It seems all negative right now, but there are a few positives. The narration and dialogue were hilarious and relatable. The Bastards are actually somewhat representative of teens nowadays if they were stuck in a fantasy novel. The action and fight scenes were entertaining and there were surprises everywhere, ones that I didn’t see coming. I think I would have liked it so much more if everything was a little bit more bloodier, darker, and Tarantino-esque (I want everything to be Tarantino-esque, don’t ask why), but it was engaging for the most part.

I would recommend Royal Bastards to anyone in search of something different from the usual fantasies imposing on YA right now (I’m looking right at you, Sarah J. Mass). But, if you’re in for a more mature, complicate read, skip this one.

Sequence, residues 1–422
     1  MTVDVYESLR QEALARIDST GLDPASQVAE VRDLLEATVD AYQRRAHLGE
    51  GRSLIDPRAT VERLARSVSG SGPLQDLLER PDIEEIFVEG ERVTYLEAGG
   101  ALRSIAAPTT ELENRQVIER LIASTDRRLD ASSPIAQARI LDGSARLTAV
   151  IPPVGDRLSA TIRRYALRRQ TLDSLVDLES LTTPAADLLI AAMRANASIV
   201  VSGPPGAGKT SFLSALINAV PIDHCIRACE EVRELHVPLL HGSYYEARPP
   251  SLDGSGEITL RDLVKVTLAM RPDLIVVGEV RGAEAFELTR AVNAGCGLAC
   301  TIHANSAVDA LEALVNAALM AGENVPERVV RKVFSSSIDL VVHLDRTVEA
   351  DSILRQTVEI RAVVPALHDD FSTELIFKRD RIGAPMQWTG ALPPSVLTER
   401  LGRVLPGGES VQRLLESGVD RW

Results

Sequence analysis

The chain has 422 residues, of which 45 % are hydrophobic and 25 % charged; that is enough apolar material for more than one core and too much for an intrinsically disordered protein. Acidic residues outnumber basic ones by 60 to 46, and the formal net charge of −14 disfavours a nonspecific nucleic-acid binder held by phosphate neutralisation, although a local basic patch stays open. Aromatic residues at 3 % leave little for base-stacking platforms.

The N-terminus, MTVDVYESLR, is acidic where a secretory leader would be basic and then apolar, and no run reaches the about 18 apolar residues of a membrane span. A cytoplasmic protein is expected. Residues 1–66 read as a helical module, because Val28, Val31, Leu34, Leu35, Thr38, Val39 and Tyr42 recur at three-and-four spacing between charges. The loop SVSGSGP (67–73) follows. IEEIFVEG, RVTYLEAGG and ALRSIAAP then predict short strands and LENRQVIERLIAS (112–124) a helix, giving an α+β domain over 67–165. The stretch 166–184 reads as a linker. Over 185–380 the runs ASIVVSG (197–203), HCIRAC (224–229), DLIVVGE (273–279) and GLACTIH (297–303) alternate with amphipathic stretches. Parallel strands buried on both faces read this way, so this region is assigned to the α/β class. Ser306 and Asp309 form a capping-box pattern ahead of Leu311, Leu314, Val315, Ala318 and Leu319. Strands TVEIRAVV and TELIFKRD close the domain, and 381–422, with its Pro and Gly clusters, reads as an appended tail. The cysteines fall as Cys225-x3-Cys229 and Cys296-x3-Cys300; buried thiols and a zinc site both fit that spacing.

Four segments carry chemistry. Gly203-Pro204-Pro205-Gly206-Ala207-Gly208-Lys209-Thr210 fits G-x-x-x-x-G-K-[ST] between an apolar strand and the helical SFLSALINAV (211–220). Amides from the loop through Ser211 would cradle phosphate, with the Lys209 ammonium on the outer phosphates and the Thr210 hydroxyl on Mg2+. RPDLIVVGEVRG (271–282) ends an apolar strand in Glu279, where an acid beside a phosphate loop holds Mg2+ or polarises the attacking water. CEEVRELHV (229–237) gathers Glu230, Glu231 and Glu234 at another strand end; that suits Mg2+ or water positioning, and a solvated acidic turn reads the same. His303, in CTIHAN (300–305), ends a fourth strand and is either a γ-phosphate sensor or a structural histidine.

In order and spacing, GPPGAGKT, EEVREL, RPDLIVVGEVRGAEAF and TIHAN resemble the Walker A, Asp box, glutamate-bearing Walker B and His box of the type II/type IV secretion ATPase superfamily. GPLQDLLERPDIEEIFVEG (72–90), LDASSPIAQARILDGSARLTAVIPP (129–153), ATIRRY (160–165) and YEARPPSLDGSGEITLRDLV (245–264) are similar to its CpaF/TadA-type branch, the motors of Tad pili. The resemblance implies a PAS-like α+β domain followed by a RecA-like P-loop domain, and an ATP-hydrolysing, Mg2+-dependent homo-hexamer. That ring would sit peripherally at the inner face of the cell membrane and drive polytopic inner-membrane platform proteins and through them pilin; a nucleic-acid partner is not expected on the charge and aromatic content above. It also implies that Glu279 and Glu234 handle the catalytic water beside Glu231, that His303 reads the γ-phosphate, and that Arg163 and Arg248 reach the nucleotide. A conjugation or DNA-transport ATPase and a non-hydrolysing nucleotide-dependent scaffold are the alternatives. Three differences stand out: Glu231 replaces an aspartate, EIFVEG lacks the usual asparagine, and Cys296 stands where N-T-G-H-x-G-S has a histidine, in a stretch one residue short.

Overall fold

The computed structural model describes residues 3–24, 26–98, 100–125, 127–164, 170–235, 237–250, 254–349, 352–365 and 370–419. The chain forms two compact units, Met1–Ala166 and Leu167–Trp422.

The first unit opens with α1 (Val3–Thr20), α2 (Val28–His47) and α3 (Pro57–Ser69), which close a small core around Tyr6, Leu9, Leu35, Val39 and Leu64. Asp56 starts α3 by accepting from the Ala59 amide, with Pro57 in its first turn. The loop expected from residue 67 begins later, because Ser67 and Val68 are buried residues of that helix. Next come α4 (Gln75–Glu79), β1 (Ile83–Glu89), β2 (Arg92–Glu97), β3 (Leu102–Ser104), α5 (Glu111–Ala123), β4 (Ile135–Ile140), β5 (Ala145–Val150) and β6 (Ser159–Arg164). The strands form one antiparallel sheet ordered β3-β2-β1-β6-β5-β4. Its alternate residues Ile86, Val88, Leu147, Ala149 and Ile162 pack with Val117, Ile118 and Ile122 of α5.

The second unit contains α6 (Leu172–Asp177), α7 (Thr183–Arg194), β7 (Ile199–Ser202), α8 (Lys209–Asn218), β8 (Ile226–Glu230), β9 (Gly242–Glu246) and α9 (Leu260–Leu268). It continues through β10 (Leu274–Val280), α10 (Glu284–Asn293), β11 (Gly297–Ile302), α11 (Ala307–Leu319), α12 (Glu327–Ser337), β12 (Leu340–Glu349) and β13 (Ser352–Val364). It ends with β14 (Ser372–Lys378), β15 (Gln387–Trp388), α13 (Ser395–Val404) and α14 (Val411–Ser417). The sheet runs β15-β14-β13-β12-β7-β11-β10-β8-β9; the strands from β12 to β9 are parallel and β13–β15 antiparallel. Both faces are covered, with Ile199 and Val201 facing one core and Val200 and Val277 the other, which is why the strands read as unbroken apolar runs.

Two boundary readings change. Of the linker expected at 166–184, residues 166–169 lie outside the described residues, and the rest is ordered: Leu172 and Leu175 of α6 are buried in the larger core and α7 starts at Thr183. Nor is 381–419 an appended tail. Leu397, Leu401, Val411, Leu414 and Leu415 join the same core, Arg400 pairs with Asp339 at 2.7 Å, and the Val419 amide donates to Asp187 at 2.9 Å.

-Haven

Books, Reviews, YA Fiction

Everything Leads To You, by Nina LaCour | wonderfully cinematic + undeniably real

18667779A love letter to the craft and romance of film and fate in front of—and behind—the camera from the award-winning author of Hold Still.
 
A wunderkind young set designer, Emi has already started to find her way in the competitive Hollywood film world.
 
Emi is a film buff and a true romantic, but her real-life relationships are a mess. She has desperately gone back to the same girl too many times to mention. But then a mysterious letter from a silver screen legend leads Emi to Ava. Ava is unlike anyone Emi has ever met. She has a tumultuous, not-so-glamorous past, and lives an unconventional life. She’s enigmatic…. She’s beautiful. And she is about to expand Emi’s understanding of family, acceptance, and true romance.

3 1/2 stars